There is widespread volunteer involvement in the public sector too. Schools, courts and prisons, conservation services, museums and public hospitals all enjoy significant support from volunteers, sometimes through subsidiary NFP organisations. Emergency services with large volunteer programmes are operating a public service. No-one is raising objections here, even though public sector organisations are operating under vastly different conditions from NFPs.
Consider too, those large sporting events, tourist operations and expos run by private event management operators. There’s no question of volunteer involvement in these circumstances – the volunteers become the public face of the event.
It looks like volunteers are engaged in a whole range of organisations across all sectors. Maybe not so much in manufacturing businesses – though Victim Support is on hand as a free service when an industrial accident occurs. Volunteering is characterised by innovation and flexibility, so anything is possible in the future. Let’s not short-change the scope and influence of volunteering by holding to a premise which is no longer working.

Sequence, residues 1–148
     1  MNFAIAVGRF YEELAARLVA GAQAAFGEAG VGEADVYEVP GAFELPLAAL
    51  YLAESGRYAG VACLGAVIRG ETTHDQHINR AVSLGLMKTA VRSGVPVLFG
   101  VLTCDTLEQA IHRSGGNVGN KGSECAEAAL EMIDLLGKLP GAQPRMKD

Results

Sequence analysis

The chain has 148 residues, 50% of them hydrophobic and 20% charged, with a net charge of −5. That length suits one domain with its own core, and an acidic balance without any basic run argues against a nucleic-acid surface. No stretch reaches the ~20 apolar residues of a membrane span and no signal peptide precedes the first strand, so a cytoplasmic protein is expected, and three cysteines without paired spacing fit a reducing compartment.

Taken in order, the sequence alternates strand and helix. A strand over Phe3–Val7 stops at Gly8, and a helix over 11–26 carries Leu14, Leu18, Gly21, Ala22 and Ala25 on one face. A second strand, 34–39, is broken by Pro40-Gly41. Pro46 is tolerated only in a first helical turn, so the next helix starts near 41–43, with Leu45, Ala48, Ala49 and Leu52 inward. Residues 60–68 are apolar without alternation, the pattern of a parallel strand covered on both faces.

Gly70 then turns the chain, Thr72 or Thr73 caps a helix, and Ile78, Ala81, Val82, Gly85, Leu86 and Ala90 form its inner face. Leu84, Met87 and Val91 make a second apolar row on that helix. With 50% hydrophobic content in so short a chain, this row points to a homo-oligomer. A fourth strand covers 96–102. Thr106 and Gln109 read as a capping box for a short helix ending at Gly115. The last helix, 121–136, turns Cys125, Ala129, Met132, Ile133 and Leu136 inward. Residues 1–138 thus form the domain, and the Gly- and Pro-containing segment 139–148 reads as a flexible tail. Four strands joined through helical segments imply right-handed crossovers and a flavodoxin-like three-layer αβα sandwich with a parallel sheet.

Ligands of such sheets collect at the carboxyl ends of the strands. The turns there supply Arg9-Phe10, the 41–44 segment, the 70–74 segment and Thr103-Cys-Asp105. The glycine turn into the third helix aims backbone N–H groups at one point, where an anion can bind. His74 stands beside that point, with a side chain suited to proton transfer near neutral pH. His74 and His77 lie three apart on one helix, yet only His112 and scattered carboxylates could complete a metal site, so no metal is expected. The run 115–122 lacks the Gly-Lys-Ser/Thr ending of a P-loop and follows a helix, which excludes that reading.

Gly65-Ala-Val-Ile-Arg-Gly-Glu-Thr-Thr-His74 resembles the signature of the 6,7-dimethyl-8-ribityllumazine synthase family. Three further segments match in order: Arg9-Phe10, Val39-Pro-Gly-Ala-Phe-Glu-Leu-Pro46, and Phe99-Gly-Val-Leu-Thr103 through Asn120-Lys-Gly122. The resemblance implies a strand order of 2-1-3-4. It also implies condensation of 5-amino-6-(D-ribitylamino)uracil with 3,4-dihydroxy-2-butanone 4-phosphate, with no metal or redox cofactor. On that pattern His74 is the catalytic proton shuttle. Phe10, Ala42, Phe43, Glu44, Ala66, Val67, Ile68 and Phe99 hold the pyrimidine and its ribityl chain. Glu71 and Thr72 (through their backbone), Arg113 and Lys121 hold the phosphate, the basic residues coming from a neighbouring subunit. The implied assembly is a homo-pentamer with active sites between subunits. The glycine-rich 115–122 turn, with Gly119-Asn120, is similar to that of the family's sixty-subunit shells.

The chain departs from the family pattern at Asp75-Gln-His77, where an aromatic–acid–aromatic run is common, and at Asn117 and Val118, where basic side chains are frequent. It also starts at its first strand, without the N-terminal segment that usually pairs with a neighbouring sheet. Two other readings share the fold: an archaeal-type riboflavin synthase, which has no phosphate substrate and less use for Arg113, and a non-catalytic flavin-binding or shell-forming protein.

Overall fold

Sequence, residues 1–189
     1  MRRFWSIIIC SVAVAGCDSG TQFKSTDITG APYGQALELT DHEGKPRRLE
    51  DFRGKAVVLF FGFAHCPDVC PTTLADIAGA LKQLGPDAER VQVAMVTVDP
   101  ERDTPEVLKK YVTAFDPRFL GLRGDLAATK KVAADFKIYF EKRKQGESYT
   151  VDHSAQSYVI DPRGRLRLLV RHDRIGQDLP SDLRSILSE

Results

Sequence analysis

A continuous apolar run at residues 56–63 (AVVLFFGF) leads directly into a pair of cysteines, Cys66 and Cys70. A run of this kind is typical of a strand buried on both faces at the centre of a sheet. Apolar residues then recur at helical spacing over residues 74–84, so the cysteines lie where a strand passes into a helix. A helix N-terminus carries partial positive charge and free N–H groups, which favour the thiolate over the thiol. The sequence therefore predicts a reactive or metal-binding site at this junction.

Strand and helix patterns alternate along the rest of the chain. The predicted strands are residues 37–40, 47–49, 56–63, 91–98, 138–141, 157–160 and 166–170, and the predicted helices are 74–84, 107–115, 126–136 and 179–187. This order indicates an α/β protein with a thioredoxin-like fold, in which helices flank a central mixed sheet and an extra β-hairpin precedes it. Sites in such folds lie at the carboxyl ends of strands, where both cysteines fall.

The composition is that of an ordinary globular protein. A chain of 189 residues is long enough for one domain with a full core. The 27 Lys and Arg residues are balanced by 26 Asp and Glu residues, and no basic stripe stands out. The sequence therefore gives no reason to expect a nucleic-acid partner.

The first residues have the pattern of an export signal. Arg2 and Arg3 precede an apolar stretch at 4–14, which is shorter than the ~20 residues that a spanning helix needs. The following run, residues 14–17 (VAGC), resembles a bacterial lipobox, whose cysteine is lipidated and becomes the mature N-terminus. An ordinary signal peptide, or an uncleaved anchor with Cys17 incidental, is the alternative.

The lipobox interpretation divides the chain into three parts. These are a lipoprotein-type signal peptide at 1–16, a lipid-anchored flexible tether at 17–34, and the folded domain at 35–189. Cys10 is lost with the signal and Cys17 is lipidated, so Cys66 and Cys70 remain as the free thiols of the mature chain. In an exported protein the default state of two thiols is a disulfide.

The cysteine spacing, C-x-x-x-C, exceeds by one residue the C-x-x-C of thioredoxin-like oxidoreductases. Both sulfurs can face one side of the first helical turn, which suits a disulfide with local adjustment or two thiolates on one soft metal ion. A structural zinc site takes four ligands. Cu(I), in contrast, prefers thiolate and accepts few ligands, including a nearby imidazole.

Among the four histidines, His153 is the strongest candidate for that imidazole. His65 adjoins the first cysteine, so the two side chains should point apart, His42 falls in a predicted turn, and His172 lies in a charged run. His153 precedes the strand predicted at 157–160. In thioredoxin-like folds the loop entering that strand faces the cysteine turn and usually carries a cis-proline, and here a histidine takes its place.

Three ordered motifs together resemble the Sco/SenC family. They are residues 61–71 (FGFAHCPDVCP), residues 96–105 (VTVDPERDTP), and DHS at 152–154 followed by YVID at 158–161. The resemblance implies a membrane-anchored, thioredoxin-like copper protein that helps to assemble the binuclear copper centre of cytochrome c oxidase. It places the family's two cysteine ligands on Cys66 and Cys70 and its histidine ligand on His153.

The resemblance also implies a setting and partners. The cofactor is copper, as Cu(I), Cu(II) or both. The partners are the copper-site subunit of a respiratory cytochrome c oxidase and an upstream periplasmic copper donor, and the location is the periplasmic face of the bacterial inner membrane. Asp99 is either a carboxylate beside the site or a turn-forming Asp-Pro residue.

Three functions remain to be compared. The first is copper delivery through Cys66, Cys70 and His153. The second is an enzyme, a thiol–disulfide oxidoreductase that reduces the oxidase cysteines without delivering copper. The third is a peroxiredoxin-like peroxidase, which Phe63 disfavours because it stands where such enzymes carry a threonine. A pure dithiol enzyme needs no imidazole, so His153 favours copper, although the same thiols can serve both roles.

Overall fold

September 8, 2014
It’s in our DNA. It’s in our thinking and every-day language. A Fair Go has been the Kiwi ethos since the early days of European colonisation. New settlers came to escape from social injustice and gross inequity in their home states. Then the limitations of climate and soil and natural resources fed the development of cultural norms, social practices and political institutions that encouraged and enabled fairness, sharing and redistribution. We were living in ‘God’s own country’.